The East


Washington vs Philadelphia

Nicklas Backstrom (returned, upper-body injury)

Michael Del Zotto (out for playoffs, wrist)

Michal Neuvirth (day-to-day, knee)

Washington and Nashville are the two healthiest teams in the playoffs. If the Caps don’t win it this year, they’ve gotta be cursed. Backstrom played at the end of the regular season, so he’s not rusty. They’re one of two teams to score more than three goals per game. They’ve got impressive depth, the greatest goal-scorer of all time, and a solid goalie. That’s a recipe for success in the playoffs. The Flyers, on the other hand, will miss Del Zotto, but Shayne Gostisbehere’s emergence mitigates that quite a bit. The lack of playoff experience will hurt, but they also have veteran Mark Streit to back him up, and it’s not like Ghost hasn’t risen to every challenge he’s faced so far. Still, the Capitals stand a good shot at sweeping Philly.


Florida vs New York Islanders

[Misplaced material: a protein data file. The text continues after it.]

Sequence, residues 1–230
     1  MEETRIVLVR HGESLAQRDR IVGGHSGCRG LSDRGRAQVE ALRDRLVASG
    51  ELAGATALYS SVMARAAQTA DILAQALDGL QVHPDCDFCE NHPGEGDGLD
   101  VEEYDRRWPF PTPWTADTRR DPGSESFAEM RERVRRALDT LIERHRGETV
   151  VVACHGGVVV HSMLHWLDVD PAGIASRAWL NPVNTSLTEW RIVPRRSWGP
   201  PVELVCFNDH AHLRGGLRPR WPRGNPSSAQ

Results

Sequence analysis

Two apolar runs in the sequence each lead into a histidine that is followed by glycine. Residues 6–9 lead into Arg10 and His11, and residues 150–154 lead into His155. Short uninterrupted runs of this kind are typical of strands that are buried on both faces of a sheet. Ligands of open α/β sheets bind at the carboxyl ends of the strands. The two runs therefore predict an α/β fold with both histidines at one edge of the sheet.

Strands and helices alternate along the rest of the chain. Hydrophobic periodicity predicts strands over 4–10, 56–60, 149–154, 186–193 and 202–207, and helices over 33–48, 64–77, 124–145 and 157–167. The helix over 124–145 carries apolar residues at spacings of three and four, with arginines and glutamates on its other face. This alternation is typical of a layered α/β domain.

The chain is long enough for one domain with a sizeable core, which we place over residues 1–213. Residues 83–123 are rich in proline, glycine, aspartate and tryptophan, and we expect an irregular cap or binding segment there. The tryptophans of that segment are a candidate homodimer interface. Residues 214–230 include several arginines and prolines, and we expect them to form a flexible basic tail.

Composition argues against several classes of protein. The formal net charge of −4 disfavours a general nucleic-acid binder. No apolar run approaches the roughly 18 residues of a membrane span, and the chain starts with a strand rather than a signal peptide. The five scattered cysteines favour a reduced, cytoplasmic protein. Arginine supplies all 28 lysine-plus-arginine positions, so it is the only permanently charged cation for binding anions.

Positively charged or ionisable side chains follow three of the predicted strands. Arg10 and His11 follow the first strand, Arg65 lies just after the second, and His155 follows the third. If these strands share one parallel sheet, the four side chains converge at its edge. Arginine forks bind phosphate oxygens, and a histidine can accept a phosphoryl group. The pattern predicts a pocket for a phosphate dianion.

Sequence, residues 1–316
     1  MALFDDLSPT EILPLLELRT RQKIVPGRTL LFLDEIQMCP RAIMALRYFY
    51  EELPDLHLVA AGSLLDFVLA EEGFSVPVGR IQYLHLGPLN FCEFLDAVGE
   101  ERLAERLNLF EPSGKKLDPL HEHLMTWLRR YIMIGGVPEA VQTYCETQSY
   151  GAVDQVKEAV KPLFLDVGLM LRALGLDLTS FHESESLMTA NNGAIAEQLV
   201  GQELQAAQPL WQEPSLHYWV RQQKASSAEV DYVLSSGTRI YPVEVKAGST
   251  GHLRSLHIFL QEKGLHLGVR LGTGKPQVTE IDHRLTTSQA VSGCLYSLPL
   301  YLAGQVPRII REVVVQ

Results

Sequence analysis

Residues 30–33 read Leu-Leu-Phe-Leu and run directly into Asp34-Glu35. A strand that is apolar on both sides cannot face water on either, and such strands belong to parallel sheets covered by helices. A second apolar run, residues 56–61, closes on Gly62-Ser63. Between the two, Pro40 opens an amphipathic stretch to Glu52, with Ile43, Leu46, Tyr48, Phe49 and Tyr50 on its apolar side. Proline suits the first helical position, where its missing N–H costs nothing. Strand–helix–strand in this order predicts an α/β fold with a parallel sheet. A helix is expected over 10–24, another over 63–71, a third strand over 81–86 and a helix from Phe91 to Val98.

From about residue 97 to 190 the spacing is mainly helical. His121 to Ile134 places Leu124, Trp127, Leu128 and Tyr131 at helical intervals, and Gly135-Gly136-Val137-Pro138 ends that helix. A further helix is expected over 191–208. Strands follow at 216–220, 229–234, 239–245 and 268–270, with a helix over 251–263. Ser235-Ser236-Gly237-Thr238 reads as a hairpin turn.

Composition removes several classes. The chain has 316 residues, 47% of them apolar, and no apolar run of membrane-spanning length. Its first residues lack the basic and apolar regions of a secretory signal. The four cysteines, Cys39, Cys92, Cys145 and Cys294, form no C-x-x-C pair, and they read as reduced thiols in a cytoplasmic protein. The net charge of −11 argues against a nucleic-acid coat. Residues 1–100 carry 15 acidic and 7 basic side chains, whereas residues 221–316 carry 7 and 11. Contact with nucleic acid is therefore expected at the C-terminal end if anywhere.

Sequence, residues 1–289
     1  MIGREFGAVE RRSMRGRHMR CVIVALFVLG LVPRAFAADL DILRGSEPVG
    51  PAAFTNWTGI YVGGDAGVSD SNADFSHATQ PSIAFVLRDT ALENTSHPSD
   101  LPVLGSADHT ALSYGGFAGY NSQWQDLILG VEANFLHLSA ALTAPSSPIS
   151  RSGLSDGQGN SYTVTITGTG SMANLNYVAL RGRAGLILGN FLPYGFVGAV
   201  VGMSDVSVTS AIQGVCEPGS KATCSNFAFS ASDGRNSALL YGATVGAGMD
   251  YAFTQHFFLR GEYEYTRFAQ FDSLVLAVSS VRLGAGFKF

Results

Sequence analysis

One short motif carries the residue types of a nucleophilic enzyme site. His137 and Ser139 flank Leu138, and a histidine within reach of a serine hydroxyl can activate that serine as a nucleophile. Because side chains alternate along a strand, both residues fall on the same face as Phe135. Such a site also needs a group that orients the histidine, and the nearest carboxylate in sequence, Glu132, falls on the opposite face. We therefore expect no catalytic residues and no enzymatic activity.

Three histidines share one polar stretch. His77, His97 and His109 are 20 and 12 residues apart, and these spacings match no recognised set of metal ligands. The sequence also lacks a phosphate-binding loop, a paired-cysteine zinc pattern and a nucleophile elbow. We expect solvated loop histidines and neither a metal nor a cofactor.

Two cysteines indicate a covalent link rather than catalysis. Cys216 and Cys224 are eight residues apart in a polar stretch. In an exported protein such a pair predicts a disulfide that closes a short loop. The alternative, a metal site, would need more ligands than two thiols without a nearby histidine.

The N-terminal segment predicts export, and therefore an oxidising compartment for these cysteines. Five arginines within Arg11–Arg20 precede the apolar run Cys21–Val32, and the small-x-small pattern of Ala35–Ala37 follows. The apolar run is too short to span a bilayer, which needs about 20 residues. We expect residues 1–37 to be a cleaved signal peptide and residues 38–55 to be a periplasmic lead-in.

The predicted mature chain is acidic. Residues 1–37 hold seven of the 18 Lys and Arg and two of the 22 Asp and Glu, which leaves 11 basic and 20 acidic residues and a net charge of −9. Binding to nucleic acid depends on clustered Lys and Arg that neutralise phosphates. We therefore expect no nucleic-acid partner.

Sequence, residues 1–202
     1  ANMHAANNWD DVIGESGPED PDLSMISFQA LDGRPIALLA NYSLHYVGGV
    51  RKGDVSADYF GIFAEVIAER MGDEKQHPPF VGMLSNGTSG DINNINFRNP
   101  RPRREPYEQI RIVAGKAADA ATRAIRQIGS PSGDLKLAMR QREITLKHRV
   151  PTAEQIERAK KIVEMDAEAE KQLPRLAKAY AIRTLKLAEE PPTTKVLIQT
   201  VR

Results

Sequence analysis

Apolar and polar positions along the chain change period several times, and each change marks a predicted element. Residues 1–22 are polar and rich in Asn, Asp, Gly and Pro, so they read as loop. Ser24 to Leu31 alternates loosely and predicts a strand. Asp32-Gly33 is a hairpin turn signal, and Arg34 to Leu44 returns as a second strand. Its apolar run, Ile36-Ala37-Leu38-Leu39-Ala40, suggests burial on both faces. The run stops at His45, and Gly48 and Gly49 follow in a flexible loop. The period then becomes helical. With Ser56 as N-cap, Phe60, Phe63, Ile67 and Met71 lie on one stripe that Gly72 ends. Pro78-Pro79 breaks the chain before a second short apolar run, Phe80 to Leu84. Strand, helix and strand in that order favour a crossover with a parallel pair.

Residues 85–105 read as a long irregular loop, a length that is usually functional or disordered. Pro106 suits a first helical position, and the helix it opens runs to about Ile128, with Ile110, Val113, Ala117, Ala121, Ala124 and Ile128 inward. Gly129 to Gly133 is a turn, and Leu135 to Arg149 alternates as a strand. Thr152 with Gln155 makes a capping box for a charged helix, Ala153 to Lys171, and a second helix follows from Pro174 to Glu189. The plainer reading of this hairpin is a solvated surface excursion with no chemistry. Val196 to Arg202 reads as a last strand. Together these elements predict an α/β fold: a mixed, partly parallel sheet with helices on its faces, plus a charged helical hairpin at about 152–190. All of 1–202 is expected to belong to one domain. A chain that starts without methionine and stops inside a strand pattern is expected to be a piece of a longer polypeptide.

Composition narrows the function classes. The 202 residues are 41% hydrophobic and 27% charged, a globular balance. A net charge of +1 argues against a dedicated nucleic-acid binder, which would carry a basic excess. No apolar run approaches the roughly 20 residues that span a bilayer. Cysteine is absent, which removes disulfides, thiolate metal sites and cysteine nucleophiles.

Erik Gudbranson (returning, head & foot)

Willie Mitchell (done for playoffs, concussion)

Vincent Trocheck (day-to-day, left foot)

Anders Lee (out for playoffs, broken leg)

Jaroslav Halak (week-to-week, groin)

Travis Hamonic (returning, knee)

Mikhail Grabovski (indefinite, concussion)

Matt Martin (day-to-day, upper-body injury)

While Florida will sorely miss their captain, especially given his playoff experience with the Kings, they’ll get Trocheck back before long. The Isles, on the other hand, are screwed. They’re missing their top defenceman (he’s returning, but it’s early, and he might be rushed), their starting goalie, and three forwards. I know we expect John Tavares to carry this team, but this is ridiculous. With a resurgent Jaromir Jagr and Roberto Luongo, the Panthers have enough veteran experience to push through the Islanders to a relatively easy victory.


Pittsburgh vs New York Rangers

Evgeni Malkin (day-to-day, upper-body injury)

Olli Määttä (day-to-day, lower-body injury)

Marc-Andre Fleury (day-to-day, concussion)

Matt Murray (day-to-day, concussion)

Beau Bennett (day-to-day, shoulder)

Ryan McDonagh (day-to-day, hand)

Dan Girardi (day-to-day, upper-body injury)

Henrik Lundqvist (returning, illness)